Rotating memory data recovery

From: Peter C. Wallace <>
Date: Sat Sep 11 16:46:23 2004

On Sat, 11 Sep 2004, Tom Jennings wrote:

> OK, I'm very close to needing to suck the data off the main memory of
> this LGP-21 before I reform caps and all that electronicky stuff.
> It would be nice to have a 16-bit MHz A/D system, but I don't. Any
> *practical* suggestions for someone with an extremely limited budget? I
> also don't have time to build one, though it's within my skills.
> (The LGP-21 I have has a rotating magnetic main memory; bit-serial 80KHz
> clock, 64 physical tracks (128 logical), 4096 31 (32) bit words, NRZ or
> NRZI. I figure A/D sampling of the raw head signal at 8 to 10 times the
> original clock rate will allow offline data recovery, should I smash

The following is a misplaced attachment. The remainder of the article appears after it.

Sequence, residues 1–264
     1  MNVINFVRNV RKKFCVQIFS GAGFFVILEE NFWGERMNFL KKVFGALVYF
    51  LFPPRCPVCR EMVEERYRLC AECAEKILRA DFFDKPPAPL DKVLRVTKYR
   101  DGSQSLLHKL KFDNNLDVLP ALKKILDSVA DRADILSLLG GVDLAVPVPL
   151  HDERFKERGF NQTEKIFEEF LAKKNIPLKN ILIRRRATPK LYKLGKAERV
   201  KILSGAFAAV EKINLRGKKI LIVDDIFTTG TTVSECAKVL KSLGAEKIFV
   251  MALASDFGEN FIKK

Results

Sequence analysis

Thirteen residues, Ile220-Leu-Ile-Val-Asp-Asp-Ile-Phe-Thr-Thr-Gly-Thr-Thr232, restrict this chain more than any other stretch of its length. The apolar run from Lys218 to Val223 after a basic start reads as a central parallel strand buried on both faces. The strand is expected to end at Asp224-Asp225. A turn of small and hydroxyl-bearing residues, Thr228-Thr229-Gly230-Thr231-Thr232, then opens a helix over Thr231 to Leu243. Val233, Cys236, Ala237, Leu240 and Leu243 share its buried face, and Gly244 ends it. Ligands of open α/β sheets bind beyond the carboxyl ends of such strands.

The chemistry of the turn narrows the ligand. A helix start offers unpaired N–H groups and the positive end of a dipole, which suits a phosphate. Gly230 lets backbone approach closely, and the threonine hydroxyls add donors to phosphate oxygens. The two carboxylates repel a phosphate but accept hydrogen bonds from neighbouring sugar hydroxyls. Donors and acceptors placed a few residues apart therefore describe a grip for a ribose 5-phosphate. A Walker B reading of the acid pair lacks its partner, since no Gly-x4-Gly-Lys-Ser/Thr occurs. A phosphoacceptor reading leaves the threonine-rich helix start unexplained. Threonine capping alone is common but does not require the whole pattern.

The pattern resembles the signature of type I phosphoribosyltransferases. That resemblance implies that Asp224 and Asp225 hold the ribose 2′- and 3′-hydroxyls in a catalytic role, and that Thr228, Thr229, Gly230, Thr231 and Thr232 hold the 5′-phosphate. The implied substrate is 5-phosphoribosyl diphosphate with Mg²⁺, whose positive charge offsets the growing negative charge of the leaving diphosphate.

> data on later CPU powerup.)
> The platter is driven by an AC motor. It powers up completely
> independently of the rest of the computer, so I can easily do all this
> before I begin the restoration. I planned on rigging up a fast opamp
> buffer/amp, clip-leading it onto each head in turn (the heads are low-Z;
> I do know about ground, common-mode, etc), and taking 2, 4 or a dozen
> snapshots of each track. I'll make the track snapshots available to
> anyone who wants them.
> If there's anything there, it would be really nice to see
> 41-year-old-data.
> Practical suggestions appreciated...

I would think that 16 bits is way overkill (the original read channel gets by
with one bit) 8 bits ought to be good enough if you use most of the bits.
8bit 1 MHz A-Ds are cheap and simple to use.

Also since you have multiple passes available you could just use a comparator
and adjust the threshold (even manually) every rotation (like a sampling
scope) This way you only need to record (multiple) 1 bit streams _at_ 800 KHz or
so - easily done with a PC parallel port (= 100KHz reading of shift register)

Peter Wallace
Received on Sat Sep 11 2004 - 16:46:23 BST

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